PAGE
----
JACKSONVILLE, FL - OCTOBER 09: Cedric Benson #32 of the Cincinnati Bengals runs against the Jacksonville Jaguars during play at EverBank Field on October 9, 2011 in Jacksonville, Florida. Cincinnati won 30-20. (Photo by Grant Halverson/Getty Images)
Heading into the 2011 season, the Bengals had a lot of question marks. How was Andy Dalton going to perform? Was he even going to be the starting quarterback? How well will the offense perform under rookie offensive coordinator Jay Gruden? How will the Bengals defense respond to the losses of Johnathan Joseph and Keith Rivers? Up to this point of the season the Bengals have responded well to those questions.
However, going into the 2011 season the one position that was expected to perform well and carry this team was running back. But that has hardly been the case through the first five games. Led by Cedric Benson, the Bengals were suppose to have a dynamic ground attack that includes Bernard Scott and Brian Leonard, that would hopefully maul opposing defenses. Instead, they have been inconsistent through the first five games.
On Sunday against Jacksonville the Bengals only managed to gain 77 yards on the ground on 31 carries. That equaled an ugly 2.5 yards per carry. Benson managed to gain 53 of those yards, but it took him 24 carries to reach that mark. The week before against Buffalo, Benson dashed for over 100 yards on 19 carries, an average of 5.5 yards per touch.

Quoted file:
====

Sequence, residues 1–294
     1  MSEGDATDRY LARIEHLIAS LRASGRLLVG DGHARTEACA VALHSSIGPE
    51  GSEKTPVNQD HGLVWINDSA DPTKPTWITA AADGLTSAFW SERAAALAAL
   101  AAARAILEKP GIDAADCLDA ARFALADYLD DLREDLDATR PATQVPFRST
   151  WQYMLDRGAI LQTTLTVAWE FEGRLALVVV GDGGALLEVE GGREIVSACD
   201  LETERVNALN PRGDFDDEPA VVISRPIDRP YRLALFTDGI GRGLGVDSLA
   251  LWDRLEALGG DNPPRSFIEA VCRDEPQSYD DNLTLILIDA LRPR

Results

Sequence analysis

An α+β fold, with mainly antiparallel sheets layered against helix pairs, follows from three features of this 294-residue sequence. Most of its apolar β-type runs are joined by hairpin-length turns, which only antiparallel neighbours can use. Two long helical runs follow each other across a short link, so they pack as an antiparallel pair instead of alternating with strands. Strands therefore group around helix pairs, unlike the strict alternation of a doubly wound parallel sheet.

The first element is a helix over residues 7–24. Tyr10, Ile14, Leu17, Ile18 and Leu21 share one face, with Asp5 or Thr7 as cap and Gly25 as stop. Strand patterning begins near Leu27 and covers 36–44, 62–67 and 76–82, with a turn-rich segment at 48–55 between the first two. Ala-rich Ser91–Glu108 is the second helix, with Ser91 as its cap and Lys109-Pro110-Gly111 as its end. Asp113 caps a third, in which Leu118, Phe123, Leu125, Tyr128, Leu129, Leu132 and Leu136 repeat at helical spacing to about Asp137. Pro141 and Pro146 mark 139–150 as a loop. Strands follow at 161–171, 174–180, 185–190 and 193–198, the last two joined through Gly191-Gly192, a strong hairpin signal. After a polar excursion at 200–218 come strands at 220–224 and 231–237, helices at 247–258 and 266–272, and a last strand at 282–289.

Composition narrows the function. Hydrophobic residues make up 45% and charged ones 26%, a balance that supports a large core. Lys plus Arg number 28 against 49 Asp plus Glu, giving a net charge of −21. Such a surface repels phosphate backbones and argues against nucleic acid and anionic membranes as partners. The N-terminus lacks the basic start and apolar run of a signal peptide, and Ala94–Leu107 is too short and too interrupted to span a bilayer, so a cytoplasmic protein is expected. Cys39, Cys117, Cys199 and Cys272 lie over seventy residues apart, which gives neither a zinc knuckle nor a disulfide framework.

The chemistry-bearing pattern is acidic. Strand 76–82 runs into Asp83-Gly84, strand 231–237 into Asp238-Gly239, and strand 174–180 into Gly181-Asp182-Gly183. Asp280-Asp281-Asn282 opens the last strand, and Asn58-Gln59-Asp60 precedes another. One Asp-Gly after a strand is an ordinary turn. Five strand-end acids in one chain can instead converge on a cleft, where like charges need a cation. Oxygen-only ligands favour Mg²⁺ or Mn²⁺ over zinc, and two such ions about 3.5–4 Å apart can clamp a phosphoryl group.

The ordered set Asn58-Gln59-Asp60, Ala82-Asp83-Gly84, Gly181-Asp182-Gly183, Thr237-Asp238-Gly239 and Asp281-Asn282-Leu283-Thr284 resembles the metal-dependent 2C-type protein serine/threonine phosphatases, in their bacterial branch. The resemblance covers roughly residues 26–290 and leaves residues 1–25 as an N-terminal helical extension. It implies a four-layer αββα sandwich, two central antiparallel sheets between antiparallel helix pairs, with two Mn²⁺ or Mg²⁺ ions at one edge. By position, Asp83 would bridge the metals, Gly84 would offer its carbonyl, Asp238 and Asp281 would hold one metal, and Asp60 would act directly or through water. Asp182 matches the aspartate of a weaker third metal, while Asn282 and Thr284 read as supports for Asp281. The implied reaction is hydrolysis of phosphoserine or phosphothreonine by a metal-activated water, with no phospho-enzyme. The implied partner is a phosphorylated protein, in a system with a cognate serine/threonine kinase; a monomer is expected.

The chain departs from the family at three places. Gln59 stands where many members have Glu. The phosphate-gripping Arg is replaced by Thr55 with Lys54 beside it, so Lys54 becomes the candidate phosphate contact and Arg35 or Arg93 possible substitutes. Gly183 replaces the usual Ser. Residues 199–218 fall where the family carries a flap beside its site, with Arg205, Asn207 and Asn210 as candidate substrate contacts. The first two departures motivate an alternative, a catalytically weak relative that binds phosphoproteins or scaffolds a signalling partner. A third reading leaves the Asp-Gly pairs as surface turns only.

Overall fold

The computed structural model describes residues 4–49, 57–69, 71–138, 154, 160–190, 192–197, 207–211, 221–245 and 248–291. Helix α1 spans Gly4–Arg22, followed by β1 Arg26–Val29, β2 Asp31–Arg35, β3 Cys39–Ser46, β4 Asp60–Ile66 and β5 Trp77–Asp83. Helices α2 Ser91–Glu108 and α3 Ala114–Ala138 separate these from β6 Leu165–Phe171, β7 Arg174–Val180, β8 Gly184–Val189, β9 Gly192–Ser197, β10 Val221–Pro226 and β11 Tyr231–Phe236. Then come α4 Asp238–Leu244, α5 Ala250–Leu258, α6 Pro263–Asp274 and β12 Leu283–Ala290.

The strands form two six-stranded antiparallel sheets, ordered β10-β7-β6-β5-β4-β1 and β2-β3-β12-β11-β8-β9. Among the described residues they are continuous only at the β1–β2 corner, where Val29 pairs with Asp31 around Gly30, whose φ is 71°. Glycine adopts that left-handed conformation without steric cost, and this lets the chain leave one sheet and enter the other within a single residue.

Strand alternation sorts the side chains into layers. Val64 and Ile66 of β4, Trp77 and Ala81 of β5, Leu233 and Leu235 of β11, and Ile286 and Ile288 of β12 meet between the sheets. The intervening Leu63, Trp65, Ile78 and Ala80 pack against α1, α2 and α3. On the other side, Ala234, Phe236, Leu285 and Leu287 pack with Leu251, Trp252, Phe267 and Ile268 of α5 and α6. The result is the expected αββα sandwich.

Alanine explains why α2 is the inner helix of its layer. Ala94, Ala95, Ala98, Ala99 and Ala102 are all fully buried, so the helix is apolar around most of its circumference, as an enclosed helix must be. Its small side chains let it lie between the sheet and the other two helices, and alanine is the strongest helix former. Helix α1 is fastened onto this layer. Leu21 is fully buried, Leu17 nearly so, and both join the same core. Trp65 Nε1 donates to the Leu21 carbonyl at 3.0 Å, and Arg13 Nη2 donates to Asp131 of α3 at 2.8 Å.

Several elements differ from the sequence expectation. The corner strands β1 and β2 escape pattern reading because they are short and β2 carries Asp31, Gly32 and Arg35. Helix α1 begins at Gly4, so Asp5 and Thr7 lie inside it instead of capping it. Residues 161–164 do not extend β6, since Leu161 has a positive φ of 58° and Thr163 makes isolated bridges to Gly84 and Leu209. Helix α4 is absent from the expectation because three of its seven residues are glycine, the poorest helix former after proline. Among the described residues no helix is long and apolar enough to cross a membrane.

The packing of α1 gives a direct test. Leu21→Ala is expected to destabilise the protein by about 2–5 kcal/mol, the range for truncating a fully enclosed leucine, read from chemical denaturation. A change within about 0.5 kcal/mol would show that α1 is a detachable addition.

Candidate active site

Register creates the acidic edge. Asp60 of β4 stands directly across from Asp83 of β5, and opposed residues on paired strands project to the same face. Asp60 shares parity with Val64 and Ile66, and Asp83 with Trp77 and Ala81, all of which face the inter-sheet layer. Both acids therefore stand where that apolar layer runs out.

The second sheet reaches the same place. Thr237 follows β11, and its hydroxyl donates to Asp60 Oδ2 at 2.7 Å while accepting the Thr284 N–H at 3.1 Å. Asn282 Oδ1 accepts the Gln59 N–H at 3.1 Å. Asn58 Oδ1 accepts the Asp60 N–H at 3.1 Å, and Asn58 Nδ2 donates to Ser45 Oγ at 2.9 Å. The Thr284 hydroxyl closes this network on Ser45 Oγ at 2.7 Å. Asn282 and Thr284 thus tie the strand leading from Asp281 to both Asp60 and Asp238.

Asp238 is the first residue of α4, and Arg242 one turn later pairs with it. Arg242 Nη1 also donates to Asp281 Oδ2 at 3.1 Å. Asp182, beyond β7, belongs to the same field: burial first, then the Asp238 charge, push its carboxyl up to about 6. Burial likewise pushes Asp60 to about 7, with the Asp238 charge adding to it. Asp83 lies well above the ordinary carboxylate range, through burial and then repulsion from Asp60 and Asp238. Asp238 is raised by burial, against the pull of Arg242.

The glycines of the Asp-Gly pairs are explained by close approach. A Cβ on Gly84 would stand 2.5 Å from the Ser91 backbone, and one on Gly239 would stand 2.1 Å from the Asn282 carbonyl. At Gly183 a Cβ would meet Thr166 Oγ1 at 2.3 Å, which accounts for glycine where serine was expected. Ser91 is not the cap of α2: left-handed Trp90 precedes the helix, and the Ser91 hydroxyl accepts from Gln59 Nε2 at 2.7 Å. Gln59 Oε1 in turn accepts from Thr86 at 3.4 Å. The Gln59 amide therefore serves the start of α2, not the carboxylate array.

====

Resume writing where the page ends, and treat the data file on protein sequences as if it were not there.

That has been the story of Benson all season. It's either a hit or miss with him it would seem. He hasn't been able to find any consistency up to this point.
Against Jacksonville the Bengals offensive line appeared to be unable to create running space for anyone. And Jay Gruden felt that for the most part, the offense did not perform to their expectations.
"A 35 mile-per-hour wind and they're playing Cover Two. That's the one time you want to be able to run the ball," Gruden said. "I think the offensive line and tight ends and fullback and backs will tell you they didn't have their best game."
But how much of the blame should be placed on Benson's shoulders? He can't do everything on his own. If the offensive line is unable to create holes and opportunities then he is not going to be able to help move the chains. Benson isn't going to be a play-maker, like he was once probably considered. He isn't going to run over any opposing defenses. If the hole is there then he will put up some yards, otherwise he is going to be stopped. He needs help from Andrew Whitworth and company.
With the return of Bobbie Williams everyone anticipated that the pass and run protection would become more stabilized. It was expected that with his return the Bengals offense would transform into a consistent threat in the air and on the ground.
Another element that should be considered is the lack of touches Bernard Scott has seen through the first five games. Currently he only has 13 carries for 36 yards. Those aren't sexy numbers by any means. But if saw some more consistent playing time then maybe he would be able to put up some bigger numbers.
Another week brings another opponent. And at this point who knows what kind of game we will witness from the running game. It's a team effort and the Bengals cannot solely rely on one player to carry them. Otherwise it's going to be a long season.